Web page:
In either case, the film had two previews with Welles' edited version. At the first preview, editor Robert Wise stated that the test audiences were literally laughing at how bad it was. Though researchers note that while ninety percent of the score cards called it terrible, the other ten percent declared it a masterpiece. The second preview at Pasadena was vastly more favorable and audiences reacted to it with enthusiasm even if they felt it was bleak but the studio felt it was too much of a gamble and refused to listen to producer David O. Selznick who saw the original cut, loved it and insisted it be sent to the Museum of Modern Art. They cut out 40 minutes, shot a new ending and [[KickTheDog ordered that the original footage be burnt.]]

Even in the released version, ''The Magnificent Ambersons'' is often regarded as among the best U.S. films ever made, a distinction it shares with Welles's first film, ''Film/CitizenKane''. The film was nominated for four AcademyAwards including Best Picture, and it was added to the NationalFilmRegistry of the Library of Congress in 1991.

to:

[[ScrewedByTheNetwork Welles lost control of The film became famous for its behind the editing of scenes controversies, which resulted in the film to RKO]] (thanks to the trouble the studio went through with his [[Film/CitizenKane other film]]), becoming drastically cut and the final version released to audiences differed significantly from his rough cut of the film. More than an hour of footage was cut by the studio, which also shot and substituted a happier ending. Although Welles's extensive notes for how he wished the film to be cut have survived, the excised footage was destroyed. Composer Creator/BernardHerrmann insisted his credit be removed when, like the film itself, his score was heavily edited by the studio. Creator/RobertWise, who did the editing and shot the revised ending (which actually was taken away from the novel), spent years defending his cut as better than Welles' version.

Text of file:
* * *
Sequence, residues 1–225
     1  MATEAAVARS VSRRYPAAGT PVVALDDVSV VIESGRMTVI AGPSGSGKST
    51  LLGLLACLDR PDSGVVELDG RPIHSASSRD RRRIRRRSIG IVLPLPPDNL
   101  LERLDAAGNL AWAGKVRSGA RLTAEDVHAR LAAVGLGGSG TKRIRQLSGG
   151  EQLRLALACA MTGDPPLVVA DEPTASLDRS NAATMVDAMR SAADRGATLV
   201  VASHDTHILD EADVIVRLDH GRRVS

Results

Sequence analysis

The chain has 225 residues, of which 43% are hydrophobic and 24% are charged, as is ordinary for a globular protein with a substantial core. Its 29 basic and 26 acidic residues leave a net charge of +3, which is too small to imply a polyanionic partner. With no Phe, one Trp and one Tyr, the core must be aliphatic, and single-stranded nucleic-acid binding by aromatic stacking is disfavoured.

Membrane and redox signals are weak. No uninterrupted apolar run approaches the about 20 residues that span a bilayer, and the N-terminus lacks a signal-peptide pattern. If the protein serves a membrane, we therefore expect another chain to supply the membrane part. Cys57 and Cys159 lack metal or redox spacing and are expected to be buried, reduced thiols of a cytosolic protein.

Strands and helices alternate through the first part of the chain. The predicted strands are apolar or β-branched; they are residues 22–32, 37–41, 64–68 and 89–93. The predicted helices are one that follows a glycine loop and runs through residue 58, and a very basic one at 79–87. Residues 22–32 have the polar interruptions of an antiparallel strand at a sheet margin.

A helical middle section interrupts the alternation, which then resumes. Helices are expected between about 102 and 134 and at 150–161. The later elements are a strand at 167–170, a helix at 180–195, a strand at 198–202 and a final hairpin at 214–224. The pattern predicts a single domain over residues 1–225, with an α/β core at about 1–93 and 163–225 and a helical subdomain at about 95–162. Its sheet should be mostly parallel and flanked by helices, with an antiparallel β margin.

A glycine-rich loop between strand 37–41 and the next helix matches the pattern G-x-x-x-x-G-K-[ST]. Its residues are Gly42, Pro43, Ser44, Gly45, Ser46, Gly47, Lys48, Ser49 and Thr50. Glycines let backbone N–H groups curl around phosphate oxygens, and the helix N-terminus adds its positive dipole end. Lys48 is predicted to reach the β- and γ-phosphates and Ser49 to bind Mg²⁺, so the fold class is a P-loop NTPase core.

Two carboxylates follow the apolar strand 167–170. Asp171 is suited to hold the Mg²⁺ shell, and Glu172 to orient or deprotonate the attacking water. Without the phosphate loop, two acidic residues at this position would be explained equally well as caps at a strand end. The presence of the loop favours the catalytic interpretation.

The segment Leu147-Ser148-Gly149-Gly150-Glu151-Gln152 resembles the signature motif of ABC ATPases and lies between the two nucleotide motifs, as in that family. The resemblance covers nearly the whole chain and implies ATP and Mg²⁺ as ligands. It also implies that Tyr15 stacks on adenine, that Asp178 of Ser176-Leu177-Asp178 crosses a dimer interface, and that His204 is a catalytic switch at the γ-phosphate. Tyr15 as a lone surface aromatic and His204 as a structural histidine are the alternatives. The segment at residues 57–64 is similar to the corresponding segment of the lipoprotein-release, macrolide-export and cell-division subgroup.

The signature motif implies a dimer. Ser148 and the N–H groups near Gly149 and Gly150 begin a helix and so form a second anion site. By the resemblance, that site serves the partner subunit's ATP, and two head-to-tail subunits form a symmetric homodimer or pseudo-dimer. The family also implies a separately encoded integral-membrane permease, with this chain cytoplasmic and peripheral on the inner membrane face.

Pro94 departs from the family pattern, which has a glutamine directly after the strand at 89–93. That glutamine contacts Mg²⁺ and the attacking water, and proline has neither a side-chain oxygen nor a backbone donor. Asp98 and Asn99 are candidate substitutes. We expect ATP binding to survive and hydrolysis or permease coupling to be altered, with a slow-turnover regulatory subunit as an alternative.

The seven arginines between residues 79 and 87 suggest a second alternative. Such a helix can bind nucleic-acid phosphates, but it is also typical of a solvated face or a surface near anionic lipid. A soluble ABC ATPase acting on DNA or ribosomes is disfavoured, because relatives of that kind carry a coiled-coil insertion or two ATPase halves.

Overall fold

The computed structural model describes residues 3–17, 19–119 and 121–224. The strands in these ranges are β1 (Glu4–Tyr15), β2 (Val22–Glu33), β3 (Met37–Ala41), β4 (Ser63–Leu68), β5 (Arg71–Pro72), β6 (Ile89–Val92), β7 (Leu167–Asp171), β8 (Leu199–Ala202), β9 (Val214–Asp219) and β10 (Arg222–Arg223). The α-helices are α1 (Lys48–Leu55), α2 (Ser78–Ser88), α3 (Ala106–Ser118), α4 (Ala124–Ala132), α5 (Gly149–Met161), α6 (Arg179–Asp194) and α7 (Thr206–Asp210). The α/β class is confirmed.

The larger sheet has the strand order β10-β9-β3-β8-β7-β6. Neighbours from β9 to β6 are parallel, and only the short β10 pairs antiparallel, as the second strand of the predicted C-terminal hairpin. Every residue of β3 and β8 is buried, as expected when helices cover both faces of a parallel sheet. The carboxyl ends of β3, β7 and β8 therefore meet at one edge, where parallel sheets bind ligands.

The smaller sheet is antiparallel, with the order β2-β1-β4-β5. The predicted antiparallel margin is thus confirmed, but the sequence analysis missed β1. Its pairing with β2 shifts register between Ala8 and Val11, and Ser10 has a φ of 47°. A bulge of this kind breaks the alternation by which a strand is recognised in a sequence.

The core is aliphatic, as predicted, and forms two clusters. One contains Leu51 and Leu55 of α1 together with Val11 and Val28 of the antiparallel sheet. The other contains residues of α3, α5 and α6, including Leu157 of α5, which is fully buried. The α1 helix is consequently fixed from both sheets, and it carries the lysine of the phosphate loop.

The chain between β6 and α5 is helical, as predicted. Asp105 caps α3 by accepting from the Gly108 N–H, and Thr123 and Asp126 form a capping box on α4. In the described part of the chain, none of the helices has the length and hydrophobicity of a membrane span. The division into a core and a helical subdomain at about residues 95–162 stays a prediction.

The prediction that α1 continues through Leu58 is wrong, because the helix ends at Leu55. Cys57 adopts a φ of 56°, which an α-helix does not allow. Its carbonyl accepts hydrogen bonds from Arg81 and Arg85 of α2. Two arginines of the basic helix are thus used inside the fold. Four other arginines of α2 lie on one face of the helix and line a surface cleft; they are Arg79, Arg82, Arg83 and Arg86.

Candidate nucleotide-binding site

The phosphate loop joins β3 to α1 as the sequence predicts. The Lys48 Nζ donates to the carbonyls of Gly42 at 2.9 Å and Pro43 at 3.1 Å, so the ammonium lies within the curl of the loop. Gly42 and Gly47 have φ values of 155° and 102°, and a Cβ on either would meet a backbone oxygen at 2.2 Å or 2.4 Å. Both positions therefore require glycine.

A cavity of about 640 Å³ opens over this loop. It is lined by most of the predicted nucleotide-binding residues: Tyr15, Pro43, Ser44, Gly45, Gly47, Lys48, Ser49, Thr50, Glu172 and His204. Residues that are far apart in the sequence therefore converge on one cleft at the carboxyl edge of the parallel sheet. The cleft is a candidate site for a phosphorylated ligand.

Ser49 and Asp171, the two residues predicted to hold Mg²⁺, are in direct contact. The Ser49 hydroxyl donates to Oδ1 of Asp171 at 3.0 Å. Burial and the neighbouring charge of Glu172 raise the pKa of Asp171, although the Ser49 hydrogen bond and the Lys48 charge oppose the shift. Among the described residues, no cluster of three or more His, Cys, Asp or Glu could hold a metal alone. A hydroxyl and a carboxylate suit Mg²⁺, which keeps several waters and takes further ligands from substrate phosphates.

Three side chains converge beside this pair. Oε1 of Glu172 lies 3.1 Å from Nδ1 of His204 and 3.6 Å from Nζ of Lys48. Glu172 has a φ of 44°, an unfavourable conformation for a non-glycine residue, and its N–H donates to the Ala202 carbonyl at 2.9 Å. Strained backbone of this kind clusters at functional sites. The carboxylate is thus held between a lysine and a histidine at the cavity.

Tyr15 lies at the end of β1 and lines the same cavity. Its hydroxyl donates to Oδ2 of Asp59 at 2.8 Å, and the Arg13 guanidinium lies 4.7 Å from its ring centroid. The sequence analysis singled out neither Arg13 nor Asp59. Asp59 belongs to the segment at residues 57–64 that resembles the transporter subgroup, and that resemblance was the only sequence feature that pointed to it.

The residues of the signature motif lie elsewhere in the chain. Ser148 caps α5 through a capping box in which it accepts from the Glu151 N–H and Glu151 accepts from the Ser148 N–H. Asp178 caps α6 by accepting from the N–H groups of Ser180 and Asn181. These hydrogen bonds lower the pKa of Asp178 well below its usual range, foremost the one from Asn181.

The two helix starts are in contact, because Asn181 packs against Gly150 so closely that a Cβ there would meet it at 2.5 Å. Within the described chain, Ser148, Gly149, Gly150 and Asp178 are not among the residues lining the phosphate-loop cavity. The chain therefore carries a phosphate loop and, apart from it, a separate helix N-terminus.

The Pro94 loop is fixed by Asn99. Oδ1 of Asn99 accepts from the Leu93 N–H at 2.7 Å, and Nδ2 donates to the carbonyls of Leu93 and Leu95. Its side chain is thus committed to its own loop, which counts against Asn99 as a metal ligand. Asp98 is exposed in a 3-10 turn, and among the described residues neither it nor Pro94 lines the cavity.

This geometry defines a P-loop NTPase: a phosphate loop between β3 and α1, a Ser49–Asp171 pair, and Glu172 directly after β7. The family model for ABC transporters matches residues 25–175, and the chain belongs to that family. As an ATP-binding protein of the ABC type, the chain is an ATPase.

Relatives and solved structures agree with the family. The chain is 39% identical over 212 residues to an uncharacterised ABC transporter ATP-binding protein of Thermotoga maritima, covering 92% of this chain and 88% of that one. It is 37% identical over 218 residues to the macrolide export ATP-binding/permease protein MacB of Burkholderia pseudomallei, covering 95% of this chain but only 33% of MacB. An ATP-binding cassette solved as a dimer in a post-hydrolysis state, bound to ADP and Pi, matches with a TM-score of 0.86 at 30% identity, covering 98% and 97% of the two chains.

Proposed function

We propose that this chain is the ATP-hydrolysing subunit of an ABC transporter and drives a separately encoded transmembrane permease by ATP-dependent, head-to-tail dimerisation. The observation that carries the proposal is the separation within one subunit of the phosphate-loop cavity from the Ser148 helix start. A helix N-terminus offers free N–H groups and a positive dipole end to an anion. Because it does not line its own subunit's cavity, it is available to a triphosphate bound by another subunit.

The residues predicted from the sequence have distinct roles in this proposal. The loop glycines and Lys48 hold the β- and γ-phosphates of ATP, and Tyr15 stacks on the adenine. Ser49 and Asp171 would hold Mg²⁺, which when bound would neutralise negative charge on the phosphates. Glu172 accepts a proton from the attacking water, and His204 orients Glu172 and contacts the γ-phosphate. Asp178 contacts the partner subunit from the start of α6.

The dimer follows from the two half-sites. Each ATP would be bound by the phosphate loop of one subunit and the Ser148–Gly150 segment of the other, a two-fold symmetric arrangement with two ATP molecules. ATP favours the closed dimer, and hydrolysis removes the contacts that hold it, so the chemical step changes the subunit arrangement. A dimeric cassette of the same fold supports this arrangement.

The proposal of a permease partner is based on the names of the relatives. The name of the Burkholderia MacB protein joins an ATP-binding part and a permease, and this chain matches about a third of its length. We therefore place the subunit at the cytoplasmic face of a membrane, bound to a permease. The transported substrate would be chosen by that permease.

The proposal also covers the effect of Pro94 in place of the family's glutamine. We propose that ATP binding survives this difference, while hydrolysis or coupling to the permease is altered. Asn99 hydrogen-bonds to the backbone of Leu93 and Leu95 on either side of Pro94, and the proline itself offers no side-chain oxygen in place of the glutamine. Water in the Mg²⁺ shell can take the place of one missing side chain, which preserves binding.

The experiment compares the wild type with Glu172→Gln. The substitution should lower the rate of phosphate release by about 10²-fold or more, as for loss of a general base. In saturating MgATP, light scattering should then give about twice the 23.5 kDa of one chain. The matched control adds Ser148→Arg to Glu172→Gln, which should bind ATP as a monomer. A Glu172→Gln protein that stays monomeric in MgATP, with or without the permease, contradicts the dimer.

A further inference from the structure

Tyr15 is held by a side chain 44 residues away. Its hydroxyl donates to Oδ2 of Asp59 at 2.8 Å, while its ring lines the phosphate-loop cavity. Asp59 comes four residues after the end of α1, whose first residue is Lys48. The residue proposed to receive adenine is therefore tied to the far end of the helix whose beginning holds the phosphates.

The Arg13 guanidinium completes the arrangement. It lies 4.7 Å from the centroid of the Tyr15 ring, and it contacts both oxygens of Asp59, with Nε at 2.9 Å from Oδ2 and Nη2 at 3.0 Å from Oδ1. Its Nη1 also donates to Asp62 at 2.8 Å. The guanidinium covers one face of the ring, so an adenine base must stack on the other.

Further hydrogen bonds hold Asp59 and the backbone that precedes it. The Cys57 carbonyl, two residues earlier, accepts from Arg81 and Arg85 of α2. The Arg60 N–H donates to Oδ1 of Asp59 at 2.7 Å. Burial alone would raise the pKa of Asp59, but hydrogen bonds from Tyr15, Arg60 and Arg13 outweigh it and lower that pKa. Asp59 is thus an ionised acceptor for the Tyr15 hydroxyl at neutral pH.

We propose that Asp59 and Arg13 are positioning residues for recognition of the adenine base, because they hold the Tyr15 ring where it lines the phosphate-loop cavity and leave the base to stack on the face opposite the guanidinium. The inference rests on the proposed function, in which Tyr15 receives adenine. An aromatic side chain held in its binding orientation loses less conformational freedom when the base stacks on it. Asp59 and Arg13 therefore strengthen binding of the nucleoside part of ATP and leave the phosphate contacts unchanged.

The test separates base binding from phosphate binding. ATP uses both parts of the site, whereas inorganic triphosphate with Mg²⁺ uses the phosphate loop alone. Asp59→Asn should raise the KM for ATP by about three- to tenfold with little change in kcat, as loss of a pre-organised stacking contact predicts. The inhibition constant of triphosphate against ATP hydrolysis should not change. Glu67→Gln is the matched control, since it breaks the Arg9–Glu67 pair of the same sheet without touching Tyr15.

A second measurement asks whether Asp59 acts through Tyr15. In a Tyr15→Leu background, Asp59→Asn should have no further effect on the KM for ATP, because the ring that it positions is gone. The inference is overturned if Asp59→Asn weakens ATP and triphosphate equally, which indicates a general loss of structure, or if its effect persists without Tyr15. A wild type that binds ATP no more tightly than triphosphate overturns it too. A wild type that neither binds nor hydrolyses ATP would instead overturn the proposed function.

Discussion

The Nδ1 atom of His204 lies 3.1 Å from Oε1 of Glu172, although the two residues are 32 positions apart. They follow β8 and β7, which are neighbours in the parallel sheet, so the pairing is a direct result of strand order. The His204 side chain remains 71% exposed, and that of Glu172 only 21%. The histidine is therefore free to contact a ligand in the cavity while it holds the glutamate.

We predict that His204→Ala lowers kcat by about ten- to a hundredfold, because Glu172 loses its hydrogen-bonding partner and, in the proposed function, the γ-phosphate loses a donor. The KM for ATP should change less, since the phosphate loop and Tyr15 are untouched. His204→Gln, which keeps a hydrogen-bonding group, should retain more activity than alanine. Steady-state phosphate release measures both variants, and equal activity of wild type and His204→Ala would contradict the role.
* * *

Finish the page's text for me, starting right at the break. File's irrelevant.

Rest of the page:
In either case, the film had two previews with Welles' edited version. At the first preview, editor Robert Wise stated that the test audiences were literally laughing at how bad it was. Though researchers note that while ninety percent of the score cards called it terrible, the other ten percent declared it a masterpiece. The second preview at Pasadena was vastly
Welles. (For more favorable and audiences reacted to it with enthusiasm information, see the Trivia page). That said, even if they felt it was bleak but the studio felt it was too much of a gamble and refused to listen to producer David O. Selznick who saw the original cut, loved it and insisted it be sent to the Museum of Modern Art. They cut out 40 minutes, shot a new ending and [[KickTheDog ordered that the original footage be burnt.]]

Even
in the released version, ''The Magnificent Ambersons'' is often regarded as among the best U.S. films ever made, a distinction it shares with Welles's first film, ''Film/CitizenKane''. The film was nominated for four AcademyAwards including Best Picture, and it was added to the NationalFilmRegistry of the Library of Congress in 1991.
3rd Feb '15 5:32:12 AM AnotherGuy
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[[ScrewedByTheNetwork Welles lost control of the editing of the film to RKO]], and the final version released to audiences differed significantly from his rough cut of the film. More than an hour of footage was cut by the studio, which also shot and substituted a happier ending. Although Welles's extensive notes for how he wished the film to be cut have survived, the excised footage was destroyed. Composer Creator/BernardHerrmann insisted his credit be removed when, like the film itself, his score was heavily edited by the studio. Creator/RobertWise, who did the editing and shot the revised ending (which actually was taken from the novel), spent years defending his cut as better than Welles' version.